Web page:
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Eli Manning Shouldn't Get a Pass For Ducking the Chargers in the 2004 Draft

MMQB staffers are offering up their bad takes this week, so let's talk about the reaction to the Manning family stunt at the top of the 2004 draft.

Welcome to Bad Takes Week, where MMQB staffers have been asked to expand upon some of their worst football takes. These are columns on the ideas they believe in strongly, even if it makes the rest of the room groan during our pitch meetings. Keep an eye out for more of these throughout the week.

On Friday, April 23, 2004, there was a headline in the Sheboygan (Wisconsin) Press that read: MANNING’S ‘REQUEST’ ANNOYING. 

The 219-word hot take, which landed on page 1B of the sports section, summed up in all practicality the criticism Eli Manning faced for his decision to basically subvert the NFL draft process with the help of his family and agent, play for the team of his choosing and sink the reputation of the Chargers and their new general manager in the process. Annoying, indeed! 

It's normal for kids to have preferences,” the editorial read. “But to try and force a team's hand and hijack the draft process? That's way out of line and it stinks.” 

This particular passage—to me—is just so perfect. This was sports discourse from another time; like watching politicians debate pre-2016 and hearing things like, “I respectfully disagree, sir, and will flesh out those thoughts in a strongly-worded opinion column in the New Republic!”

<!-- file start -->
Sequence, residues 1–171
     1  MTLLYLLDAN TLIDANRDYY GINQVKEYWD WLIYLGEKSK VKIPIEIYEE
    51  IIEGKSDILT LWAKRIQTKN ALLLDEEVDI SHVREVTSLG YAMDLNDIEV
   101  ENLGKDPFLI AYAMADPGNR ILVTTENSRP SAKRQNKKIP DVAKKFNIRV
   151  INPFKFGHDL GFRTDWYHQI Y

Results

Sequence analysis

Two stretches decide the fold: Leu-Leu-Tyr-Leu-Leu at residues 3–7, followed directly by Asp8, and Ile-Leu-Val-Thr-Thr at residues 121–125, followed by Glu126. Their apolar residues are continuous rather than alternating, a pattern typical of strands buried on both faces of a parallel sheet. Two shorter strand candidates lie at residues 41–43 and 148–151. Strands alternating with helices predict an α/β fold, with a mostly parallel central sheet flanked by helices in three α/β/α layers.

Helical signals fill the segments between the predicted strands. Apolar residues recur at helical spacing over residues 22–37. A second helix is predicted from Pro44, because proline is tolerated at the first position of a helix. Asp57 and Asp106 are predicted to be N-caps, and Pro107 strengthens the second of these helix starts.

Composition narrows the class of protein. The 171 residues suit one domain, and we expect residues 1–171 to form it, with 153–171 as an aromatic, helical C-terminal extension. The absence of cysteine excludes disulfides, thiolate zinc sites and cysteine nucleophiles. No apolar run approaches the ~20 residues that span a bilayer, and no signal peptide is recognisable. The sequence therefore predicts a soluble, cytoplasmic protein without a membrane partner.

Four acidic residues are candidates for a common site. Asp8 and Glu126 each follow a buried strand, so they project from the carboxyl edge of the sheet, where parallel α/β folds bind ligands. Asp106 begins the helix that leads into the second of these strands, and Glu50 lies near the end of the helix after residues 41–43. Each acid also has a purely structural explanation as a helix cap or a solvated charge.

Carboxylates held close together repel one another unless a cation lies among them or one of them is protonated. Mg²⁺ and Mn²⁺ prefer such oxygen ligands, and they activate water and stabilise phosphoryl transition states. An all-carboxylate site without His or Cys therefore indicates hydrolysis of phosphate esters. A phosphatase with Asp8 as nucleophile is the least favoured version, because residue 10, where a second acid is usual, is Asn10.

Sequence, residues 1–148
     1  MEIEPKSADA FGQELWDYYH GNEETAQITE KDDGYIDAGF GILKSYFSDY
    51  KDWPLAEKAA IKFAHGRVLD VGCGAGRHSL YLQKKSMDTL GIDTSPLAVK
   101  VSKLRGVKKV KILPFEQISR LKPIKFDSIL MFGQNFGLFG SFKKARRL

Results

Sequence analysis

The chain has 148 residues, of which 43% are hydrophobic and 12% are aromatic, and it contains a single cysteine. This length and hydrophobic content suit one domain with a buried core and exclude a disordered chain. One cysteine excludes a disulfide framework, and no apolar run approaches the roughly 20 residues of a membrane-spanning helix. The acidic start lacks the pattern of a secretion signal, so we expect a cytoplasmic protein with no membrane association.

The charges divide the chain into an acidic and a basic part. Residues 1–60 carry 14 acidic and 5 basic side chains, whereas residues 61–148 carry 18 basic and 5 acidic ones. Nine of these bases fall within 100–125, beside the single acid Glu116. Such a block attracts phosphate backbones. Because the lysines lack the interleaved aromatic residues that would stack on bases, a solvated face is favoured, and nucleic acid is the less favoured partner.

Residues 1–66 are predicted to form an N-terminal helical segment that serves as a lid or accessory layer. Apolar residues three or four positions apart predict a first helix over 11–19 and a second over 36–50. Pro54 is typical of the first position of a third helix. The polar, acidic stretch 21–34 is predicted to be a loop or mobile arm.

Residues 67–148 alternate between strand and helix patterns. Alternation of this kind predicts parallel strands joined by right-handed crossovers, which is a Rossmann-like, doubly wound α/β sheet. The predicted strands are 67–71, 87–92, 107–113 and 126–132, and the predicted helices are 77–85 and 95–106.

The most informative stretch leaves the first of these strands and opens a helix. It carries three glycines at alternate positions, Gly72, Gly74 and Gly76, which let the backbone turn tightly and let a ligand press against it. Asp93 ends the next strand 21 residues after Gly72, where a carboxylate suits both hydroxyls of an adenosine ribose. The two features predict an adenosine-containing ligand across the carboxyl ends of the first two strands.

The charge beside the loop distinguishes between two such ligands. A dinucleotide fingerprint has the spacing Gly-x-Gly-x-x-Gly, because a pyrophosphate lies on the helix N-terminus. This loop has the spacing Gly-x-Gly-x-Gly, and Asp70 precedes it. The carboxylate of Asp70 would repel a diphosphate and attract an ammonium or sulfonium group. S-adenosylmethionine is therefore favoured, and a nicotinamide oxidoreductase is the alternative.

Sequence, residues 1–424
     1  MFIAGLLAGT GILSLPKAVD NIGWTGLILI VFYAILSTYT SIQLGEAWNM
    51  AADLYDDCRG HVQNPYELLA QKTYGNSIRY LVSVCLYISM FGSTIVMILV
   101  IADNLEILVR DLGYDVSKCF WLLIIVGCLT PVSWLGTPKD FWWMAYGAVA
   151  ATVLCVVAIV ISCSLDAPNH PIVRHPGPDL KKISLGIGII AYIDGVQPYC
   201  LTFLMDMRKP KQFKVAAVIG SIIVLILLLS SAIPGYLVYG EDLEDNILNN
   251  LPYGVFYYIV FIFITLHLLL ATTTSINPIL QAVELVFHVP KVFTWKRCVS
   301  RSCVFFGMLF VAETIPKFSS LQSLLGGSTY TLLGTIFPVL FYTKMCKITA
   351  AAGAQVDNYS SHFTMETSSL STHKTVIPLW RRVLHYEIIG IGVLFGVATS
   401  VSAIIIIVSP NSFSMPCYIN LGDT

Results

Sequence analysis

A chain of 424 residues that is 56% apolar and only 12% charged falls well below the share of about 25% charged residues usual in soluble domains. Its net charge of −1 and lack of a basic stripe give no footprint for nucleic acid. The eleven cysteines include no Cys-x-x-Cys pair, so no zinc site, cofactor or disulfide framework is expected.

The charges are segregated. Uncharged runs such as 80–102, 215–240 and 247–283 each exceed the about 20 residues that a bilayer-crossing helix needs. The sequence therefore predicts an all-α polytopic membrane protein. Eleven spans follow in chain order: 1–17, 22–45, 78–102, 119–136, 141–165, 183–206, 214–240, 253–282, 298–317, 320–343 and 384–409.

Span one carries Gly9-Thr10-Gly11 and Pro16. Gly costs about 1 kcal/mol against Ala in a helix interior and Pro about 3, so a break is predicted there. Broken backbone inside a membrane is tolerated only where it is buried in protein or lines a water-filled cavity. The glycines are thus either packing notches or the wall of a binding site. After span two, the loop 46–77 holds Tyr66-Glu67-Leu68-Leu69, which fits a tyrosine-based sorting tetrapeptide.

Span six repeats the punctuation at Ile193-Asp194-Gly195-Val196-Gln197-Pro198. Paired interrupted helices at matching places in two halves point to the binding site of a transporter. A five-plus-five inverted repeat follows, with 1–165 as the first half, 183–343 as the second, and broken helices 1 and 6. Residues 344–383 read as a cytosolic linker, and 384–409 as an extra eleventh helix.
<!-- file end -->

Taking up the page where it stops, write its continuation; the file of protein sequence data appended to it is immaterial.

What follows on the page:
Outside of a few outliers (one columnist called Eli ‘jughead,’ one called him a ‘brat’ and one extremely bad column in the Seattle Times chided Manning for not being more like Pat Tillman(?), it seemed like there was a camp of old-time hot-takers whipping up the helicopter parent trope (the precursor to the coddled millennial stance), but then a small army of Manning-sympathetic columnists coming to the family’s defense. Their argument? Archie 3D chessmastering the draft was the kind of thing any concerned father might do. 

That’s it. No anonymous scout clubbing Manning at the knees for the same exact kind of emotional distance they’ve used to fuel a blowtorch for other prospects. No “AFC executive” saying that Manning’s willingness to take a year off to attend law school signals that Manning may love justice more than football, aka, a major red flag.

At the risk of sounding whiny, I guess my bad take is: Why didn’t Eli get more s--- for what he pulled in 2004? I know it’s not perfect, and maybe Eli represents some underlying psychological tipping point from my past, but I have ruined several nice get togethers among friends in New Jersey by bringing this very bad take up.  

I sometimes imagine Eli sitting at a bar, drinking with some of the other first-round quarterbacks who have been drafted more recently. After several High Lifes, the conversation turns to the media steeplechase everyone had to go through prior to the draft.